Harvey Glatt is an award-winning Canadian music promoter, broadcaster and instrument retailer, record label owner. Harvey Glatt was born in Ottawa, Canada, graduating from Glebe Collegiate Institute in 1951, he thereafter obtained a Bachelor of Business Administration degree in 1956 from the Clarkson College of Technology in Potsdam, New York. While at Clarkson College, Glatt co-produced his first concert, presenting Dave Brubeck in 1955. Glatt's interest in music developed from an early age, he became a regular reader of Billboard Magazine as of the age of thirteen. Glatt began his professional association with music in the early 1950s, as a broadcaster, both at Clarkson College and for CFRA Radio in Ottawa. In 1957 with partner Arnold Gosewich, who became the President of Capitol Records of Canada and subsequently Chairman of CBS Records of Canada, Glatt opened his first retail music store, The Treble Clef, in Ottawa, which grew to a chain of fifteen stores. At the time of the opening of the first store, The Treble Clef was the first stand alone record and music store in Ottawa.

Glatt's first Ottawa concert promotion was a 1957 co-production, with Gil Levine and Max Sternthal, assisted by Montreal promoter Sam Gesser, of a concert by Pete Seeger. The opening act was Sonny Terry, accompanied by his nephew, J. C. Burris, playing bones. Glatt thereafter formed a loose association with Gesser and Toronto-based Vivienne Stenson, who owned two theatre businesses, to produce a number of concerts, including performances by Theodore Bikel, Tom Lehrer, The Weavers, Andre Segovia, Josh White and the Kingston Trio, they presented the Jose Greco Flamenco Dance Company and one person theatre performances by Emlyn Williams and Elsa Lanchester. Glatt expanded into large concert promotion, music distribution and music publishing. Glatt's interest in music publishing had evolved from his management experiences with Ottawa-area bands The Children, which featured William Hawkins and, in versions, Bruce Cockburn and David Wiffen. In particular, he had encouraged a poet, to complement his poetry with songwriting.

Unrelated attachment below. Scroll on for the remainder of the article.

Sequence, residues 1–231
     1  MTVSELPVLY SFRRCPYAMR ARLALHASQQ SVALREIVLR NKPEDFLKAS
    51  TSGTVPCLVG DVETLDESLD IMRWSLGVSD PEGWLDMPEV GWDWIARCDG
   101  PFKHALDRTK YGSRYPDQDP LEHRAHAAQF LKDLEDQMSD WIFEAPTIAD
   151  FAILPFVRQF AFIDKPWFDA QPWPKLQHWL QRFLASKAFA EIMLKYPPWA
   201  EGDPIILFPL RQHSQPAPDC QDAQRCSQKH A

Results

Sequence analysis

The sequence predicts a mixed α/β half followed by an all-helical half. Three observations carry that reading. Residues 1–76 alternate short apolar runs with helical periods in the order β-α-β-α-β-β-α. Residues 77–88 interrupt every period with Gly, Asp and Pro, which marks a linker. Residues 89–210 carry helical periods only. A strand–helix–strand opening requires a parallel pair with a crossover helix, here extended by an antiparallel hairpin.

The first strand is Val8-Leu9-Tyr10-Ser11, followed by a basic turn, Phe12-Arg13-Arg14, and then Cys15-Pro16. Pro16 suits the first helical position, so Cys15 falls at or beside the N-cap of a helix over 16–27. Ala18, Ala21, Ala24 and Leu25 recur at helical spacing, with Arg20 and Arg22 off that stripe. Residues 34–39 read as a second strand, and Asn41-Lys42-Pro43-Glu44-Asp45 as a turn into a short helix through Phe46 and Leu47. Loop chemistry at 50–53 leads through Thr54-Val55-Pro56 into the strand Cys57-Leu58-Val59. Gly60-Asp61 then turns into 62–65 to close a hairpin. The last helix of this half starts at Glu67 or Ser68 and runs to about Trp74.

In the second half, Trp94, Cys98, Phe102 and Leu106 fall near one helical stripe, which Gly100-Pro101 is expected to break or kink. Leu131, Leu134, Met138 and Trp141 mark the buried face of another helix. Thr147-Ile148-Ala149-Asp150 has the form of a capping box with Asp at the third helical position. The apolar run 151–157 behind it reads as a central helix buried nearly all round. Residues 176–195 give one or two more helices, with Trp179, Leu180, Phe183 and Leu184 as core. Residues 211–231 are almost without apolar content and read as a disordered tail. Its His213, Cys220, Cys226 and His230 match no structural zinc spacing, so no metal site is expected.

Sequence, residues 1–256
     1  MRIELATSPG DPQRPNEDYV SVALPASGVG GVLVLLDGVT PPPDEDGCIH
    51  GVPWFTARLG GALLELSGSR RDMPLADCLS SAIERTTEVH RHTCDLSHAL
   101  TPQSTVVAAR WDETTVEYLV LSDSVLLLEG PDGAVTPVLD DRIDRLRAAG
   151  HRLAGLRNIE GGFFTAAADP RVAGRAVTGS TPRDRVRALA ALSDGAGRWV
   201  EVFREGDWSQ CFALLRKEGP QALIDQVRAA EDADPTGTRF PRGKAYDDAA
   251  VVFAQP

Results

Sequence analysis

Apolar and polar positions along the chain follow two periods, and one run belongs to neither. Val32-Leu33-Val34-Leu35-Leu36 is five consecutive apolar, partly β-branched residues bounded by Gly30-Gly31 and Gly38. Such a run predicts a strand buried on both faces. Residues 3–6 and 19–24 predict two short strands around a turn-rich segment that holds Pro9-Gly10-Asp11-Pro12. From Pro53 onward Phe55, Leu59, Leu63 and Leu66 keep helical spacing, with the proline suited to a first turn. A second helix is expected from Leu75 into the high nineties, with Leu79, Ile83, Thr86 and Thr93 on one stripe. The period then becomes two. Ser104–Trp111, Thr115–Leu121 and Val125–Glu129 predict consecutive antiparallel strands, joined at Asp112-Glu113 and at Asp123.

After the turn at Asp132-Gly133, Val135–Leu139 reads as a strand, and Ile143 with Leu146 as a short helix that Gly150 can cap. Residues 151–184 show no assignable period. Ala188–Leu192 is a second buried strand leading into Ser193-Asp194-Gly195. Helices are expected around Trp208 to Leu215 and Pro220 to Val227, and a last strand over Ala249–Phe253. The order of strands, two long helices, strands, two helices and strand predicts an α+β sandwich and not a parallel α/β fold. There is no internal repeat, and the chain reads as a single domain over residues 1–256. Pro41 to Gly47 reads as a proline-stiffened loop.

Songs by Hawkins and Wiffen were published by Bytown Music Publishing. Glatt was an investor in Le Hibou Coffee House, which promoted many international artists as well as local bands, such as The Children. In the 1960s, Glatt managed The Soul Searchers, an influential Toronto-based band featuring keyboardist William "Smitty" Smith, saxophonist Steve Kennedy, drummer Eric "Mouse" Johnson and singer Dianne Brooks among others. Smith and Kennedy would form Motherlode, in 1969. Through Bass Clef Productions, Glatt became the major producer of concerts of international artists playing in Ottawa. For example, it was Glatt who brought Jimi Hendrix to Ottawa, for an historic concert in March 1968, when Hendrix met Joni Mitchell. Mitchell was playing at the Glatt-financed Le Hibou Coffee House that same evening. Glatt produced concerts by Johnny Cash, Bob Dylan, The Rolling Stones, The Beach Boys, Led Zeppelin, Gordon Lightfoot, Anne Murray and The Toronto Symphony Orchestra, among others. In 1977, Glatt founded CHEZ-FM, an Ottawa-based rock radio station which promoted Canadian as well as international artists.

During this period, Glatt founded Posterity Records, which existed from 1976 to 1981. The label released records by the Downchild Blues Band and Ian Tamblyn, among others. Glatt's radio holdings expanded through the 1984 acquisition of the CKUE and CJET radio stations in Smiths Falls, the broadcasting ranges of which included Ottawa. In 1985, he acquired a 75% interest in Calgary's CKIK, assisting it during a period of financial distress, selling his interest ten years later. To concentrate on his radio interests, Glatt sold his Treble Clef record stores in 1979 and his Bass Clef concert promotion business in 1985. In 1999, Glatt sold his radio interests to Rogers Media and served with Rogers as a board member and director of Canadian music development. In 2007, he was an investor, along with Linus Entertainment, in the acquisition of True North Records. In 2007, Glatt was honoured through his induction by the Canadian Association of Broadcasters into the Canadian Broadcast Hall of Fame. In 2014, Glatt was the recipient of the Estelle Klein Award, sponsored by Folk Music Ontario